Soccer Coaching Blog | Professional Soccer Coaching Advice


‘Anticipation’ is key in player development

davidscwnewWhen I was first starting out in coaching I remember reading an article about Ron Greenwood, who had played for Chelsea and Fulham and who went on to manage West Ham and the England national team. When asked what the most essential trait was for a soccer player, he said: “Anticipation”.

Put simply, it’s the knack of knowing where to be, when to move and sensing what is going to happen before it actually does. It is a trait that all the great players have and it is something I work on with my players, because it’s a trait you can coach.

A good way of creating players who have anticipation is to build the foundations of their technique – and that requires practice. Improving a player’s skill doesn’t just happen and players will not learn skills just by playing games.

Focus practice on basic skills in the early years and then let them advance with more technical skills. One of the Under 10 teams I coach are of a very mixed level of technical ability but the one thing they all have is enthusiasm and dedication for learning new skills. Once we have perfected the first set of skills we move on and develop the basic skills into harder ones.

“Look Dave, I can do what Ronaldo and Messi do!” one of them said to me last week as he spun on the ball and flicked it into the air.

Playing in a match before Christmas the team was losing 2-0 but their heads didn’t drop.

_DSC1555Early in the second half a wonderful step over took one of my strikers past a defender and his teammate anticipated this, moving quickly for a pass – and before the keeper had even moved, the ball was dispatched into the net.

It was an afternoon of watching great technique and some fabulous passing moves as the opposition were put to the sword. But we didn’t get an equaliser and it was a frustrating moment when the whistle blew.

Back at training I hadn’t expected to see the same players going 1v1 against each other on the muddy practice pitch but all they were bothered about was showing each other how much better their skills were than last week.

I was thrilled to see it. It won’t be long before they turn their potential into winning games and I bet even then they’ll still be going 1v1 against each other just to make themselves that little bit better.

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The irrelevant question “Did you win?”

davidscwnewMy 11-year-old daughter walked in from her hockey match on Saturday and before I could speak she said, “Guess what?” “What?” I replied. “We won!”

“Wow, brilliant!” I said.
Then she said, “I knew you’d say it was brilliant that we won, but we didn’t, we lost.”

Now I don’t consider myself to be a win-at-all-costs kind of coach, but my daughter has lived most of her 11 years on the touchline of youth pitches up and down the country and has obviously picked up on the celebration of winning and the type of language I use when the teams win.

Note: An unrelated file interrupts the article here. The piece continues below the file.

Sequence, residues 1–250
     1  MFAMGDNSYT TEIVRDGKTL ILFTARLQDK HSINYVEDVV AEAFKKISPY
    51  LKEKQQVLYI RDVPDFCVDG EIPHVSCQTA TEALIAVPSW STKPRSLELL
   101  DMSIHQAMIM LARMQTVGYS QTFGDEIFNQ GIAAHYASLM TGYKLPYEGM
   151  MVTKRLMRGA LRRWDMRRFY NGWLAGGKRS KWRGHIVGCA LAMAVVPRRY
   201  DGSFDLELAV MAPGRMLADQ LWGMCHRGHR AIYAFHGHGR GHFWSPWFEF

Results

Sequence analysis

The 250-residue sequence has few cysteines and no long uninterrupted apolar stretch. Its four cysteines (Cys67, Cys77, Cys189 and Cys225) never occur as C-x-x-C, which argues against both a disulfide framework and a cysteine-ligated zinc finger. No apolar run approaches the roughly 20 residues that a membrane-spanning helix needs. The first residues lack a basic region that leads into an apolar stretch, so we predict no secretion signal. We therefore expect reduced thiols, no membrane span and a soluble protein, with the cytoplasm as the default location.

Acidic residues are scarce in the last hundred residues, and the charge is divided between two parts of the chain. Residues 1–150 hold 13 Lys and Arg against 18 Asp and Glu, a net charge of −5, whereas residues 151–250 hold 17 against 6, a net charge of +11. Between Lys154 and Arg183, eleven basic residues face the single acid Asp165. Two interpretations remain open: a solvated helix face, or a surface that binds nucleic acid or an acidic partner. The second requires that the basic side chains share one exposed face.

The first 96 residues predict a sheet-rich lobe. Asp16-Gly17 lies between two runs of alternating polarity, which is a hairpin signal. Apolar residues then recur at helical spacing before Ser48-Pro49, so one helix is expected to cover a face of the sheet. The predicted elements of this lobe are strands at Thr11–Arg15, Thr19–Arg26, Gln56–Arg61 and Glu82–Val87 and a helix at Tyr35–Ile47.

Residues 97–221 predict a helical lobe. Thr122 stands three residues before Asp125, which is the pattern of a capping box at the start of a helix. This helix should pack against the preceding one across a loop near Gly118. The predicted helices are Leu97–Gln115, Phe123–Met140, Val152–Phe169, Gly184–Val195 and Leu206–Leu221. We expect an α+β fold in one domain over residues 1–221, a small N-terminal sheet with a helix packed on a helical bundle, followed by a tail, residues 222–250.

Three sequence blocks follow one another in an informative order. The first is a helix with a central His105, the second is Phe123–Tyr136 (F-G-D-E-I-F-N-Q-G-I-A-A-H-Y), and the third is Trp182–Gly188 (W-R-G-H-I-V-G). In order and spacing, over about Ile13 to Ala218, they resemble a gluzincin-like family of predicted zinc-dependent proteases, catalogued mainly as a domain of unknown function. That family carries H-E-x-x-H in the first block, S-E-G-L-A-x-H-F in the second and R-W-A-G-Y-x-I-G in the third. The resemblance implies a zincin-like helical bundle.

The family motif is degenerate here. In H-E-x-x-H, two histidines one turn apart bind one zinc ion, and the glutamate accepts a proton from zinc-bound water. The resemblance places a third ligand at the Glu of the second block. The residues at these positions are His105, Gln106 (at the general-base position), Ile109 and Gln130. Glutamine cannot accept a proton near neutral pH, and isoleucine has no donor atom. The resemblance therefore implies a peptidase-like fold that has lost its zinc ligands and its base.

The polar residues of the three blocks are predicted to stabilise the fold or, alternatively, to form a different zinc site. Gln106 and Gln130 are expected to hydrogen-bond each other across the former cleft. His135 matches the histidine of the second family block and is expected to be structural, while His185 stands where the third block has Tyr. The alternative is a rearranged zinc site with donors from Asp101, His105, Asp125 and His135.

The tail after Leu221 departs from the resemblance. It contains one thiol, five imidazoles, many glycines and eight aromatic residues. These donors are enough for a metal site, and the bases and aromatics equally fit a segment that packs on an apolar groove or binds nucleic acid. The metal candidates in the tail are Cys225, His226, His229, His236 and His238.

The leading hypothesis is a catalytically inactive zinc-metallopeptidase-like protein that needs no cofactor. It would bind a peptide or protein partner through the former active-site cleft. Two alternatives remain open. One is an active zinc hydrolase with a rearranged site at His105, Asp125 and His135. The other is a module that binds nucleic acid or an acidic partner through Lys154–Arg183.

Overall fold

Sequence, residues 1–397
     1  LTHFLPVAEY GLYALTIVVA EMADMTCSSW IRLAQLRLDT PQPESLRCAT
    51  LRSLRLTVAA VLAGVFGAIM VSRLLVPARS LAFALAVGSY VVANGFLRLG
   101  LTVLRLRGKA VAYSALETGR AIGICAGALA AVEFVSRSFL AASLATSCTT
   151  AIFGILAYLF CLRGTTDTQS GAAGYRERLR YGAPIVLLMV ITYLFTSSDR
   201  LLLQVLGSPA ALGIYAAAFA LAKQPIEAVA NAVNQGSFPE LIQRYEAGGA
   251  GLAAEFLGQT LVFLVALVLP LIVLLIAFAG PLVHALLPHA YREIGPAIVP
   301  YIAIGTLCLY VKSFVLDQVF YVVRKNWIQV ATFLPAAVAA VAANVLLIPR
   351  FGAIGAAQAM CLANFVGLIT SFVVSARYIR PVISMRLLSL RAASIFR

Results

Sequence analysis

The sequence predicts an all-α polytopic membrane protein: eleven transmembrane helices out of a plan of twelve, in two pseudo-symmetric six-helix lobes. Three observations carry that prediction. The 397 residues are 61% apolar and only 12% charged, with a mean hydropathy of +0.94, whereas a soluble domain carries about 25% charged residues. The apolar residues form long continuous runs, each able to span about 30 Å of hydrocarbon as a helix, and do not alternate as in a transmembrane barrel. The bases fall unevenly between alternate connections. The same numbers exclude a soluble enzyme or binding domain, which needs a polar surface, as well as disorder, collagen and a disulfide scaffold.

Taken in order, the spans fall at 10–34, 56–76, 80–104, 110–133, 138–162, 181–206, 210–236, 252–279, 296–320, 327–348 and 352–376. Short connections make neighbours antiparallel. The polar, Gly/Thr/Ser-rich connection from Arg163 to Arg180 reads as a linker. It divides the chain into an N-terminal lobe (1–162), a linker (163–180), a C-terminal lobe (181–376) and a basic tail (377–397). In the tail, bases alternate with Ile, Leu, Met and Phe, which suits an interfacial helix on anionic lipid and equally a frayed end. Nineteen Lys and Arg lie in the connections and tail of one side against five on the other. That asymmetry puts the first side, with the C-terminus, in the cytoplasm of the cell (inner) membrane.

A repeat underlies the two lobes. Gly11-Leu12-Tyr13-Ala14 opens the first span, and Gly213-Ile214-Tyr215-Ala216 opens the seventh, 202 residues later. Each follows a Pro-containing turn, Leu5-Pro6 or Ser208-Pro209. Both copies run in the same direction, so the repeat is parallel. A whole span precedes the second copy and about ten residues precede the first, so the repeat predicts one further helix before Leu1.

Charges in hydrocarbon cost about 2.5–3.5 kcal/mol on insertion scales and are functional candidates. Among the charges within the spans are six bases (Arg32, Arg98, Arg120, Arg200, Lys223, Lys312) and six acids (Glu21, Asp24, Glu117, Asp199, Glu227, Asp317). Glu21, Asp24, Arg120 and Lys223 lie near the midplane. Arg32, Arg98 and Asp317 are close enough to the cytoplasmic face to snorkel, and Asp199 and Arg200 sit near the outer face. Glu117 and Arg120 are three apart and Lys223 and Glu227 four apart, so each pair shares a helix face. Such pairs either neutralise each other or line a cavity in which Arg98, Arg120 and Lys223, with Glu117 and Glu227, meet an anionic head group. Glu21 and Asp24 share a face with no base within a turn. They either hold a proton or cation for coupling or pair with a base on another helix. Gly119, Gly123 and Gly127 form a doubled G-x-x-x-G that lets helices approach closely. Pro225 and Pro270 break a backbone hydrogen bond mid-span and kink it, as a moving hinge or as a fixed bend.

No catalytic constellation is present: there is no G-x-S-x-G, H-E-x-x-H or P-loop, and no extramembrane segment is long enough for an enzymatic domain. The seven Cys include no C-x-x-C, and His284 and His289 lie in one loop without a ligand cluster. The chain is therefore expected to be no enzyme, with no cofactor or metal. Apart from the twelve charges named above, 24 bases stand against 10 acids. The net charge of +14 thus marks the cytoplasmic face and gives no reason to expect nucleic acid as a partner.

Screen shot 2015-12-18 at 12.22.56I made a mistake, as my normal question to her would be “How did you play?”, which I always try to ask when she comes in from a match, if I haven’t been watching from the touchline.

The last thing I want her to feel is that she only gets praise if the team wins. The other thing to think about is that win or lose, within a few minutes of the final whistle, children’s minds are already on something else.

When I said to my daughter that it wasn’t the result I cared about but how she had played, she wasn’t interested as one of her friends had texted and her mind was already elsewhere.

It’s only the adults who are still raging hours later about the penalty that wasn’t given. So, as coaches, the lessons are huge – as the players in your team get older they will not remember winning the Under 12s Best Team Is The Winner Cup but they will remember the good times they had with the team and how their skills developed within the team.

Watching Gareth Bale playing for Real Madrid in the Champions League this week reminded me of the story where Bale, aged 15, had gone from being the fastest player to seventh fastest and was less of a match winner.

He was on the list to be released before the head coach decided he should stay. It was a development blip and of course the rest is history. But sometimes the development of a player seems to stall, but rather than sit them on the bench, keep playing them and they will reap the rewards of your foresight.

The question “How did you play?” in this instant is much more relevant to the player than “did you win”. I will be watching my daughter’s development with interest to see whether her comments were a one off.davidscwnew